Here, I say, is the first and most formidable of the great actualities of Macbeth. You cannot do a mad thing in order to reach sanity. Macbeth’s mad resolve is not a cure even for his own irresolution. He was indecisive before his decision. He is, if possible, more indecisive after he has decided. The crime does not get rid of the problem. Its effect is so bewildering that one may say that the crime does not get rid of the temptation. Make a morbid decision and you will only become more morbid; do a lawless thing and you will only get into an atmosphere much more suffocating than that of law. Indeed, it is a mistake to speak of a man as `breaking out.’ The lawless man never breaks out; he breaks in. He smashes a door and finds himself in another room, he smashes a wall and finds himself in a yet smaller one. The more he shatters the more his habitation shrinks. Where he ends you may read in the end of Macbeth (G.K. Chesterton, ‘The Macbeths’)

May the divine mercy have released her from it before the end.

Belloc’s book The Cruise of the Nona is not as well-known as it should be. It is a sort of counterpart to The Path to Rome, only that was written when he was in his early 30’s and this one was written when he was in his mid 50’s. Each of them is an account of a voyage interspersed with – as he puts it in the sub-title of the Nona – “Reflections and Judgements on Life and Letters, Men and Manners”. But whereas in The Path to Rome he is going to an obvious destination on foot, here he is meandering round the bottom part of the British coastline in his boat with no special goal. I don’t know if this is a kind of metaphor of how he saw his career in youth and in middle age.

At one point he reflects on a long, private meeting that he had with Mussolini, newly come to power in Italy (the Nona was published in 1925.) He has a good deal of sympathy with the dictator. They both share a contempt for the parliamentary system, which Belloc saw as a sham battle that did not represent the populace and served to conceal the real powers within the State. He is even enthusiastic about Mussolini: “What a sense of decision, of sincerity, of serving the nation, and of serving it towards a known end with a definite will!” But he also disagrees with him on one important point:-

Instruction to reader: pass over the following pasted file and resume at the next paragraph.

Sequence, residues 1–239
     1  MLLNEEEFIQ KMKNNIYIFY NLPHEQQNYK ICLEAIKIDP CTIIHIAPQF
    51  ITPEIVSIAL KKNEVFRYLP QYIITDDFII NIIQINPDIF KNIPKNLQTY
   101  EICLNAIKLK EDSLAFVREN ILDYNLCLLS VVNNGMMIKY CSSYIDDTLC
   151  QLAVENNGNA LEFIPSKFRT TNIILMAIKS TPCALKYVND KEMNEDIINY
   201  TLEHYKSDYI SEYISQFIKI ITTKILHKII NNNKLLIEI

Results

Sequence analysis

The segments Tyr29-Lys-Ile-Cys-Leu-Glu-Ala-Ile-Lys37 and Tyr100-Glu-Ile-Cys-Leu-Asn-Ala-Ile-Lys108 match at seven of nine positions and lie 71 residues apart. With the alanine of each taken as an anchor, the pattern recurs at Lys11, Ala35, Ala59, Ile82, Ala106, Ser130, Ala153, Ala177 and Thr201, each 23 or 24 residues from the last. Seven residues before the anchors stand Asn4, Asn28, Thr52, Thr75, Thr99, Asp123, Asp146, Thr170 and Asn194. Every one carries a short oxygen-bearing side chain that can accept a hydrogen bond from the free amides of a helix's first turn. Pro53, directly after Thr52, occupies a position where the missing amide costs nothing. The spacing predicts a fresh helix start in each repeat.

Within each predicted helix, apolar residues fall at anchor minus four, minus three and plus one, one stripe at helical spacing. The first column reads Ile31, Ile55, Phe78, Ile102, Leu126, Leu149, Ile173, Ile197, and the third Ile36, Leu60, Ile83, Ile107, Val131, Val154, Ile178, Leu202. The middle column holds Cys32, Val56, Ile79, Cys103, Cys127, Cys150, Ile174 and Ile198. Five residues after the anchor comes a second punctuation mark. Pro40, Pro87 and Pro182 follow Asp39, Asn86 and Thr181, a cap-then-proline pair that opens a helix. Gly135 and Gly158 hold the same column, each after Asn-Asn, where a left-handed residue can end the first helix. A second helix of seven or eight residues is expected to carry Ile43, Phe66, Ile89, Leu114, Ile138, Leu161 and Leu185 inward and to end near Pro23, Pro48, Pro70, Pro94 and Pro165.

One thing, however, struck me in his comments which was, as I thought, extreme and ill-founded; and that was his contempt for all majorities. Mussolini laid it down to me that the conception of majority government is as ridiculous as it is immoral, and should be fiercely combated as a lie and an evil in itself. I do not agree; it seems to me that the rational basis of a majority government stands firm upon certain conditions.

On many points, Belloc says, it would indeed be ridiculous to hold referenda. “What would a majority vote do with bimetallism, or the appointment of admirals?” But if five conditions are fulfilled, then, he contends, a ruler is morally obliged to follow the majority.

(1) When the question arises from a homogenous community; (2) when there is an active popular demand for its settlement; (3) when the matter under discussion is reasonably familiar to all; (4) when it concerns all, or nearly all, directly, and in much the same degree; (5) when the majority is substantial.

You must be dealing with a homogenous community – for in one made up of various races, or fundamentally different religions, a majority means nothing towards a decision. It is a mere affirmation of discord. You must have a real and popular demand for a decision, and it must proceed from the people themselves: not from a body claiming the right to frame the question: a vote on matters of no popular interest – as a vote on Welsh disestablishment in North London, or on mining regulations in Brighton – is a manifest abuse. Even on a burning matter, discussed by, known to, and affecting all, no small majority can possibly be decisive, or make an accord – for a half is not the general will. But when a community of one stuff votes by a large majority in favour of something they both understand, and desire, and that something close to their own lives, then that majority is of true effect.

This seems pretty sound to me, only Belloc apparently thinks that the ruler would be bound in justice to follow the majority if all five conditions were met, as is suggested by his use of the phrase ‘the general will’ (he loved Rousseau’s book, and yet how he would have disliked the man!) I should think the obligation is rather one of political prudence. Also, he misses out a sixth and very necessary condition – that the thing voted for be not against the Law of God.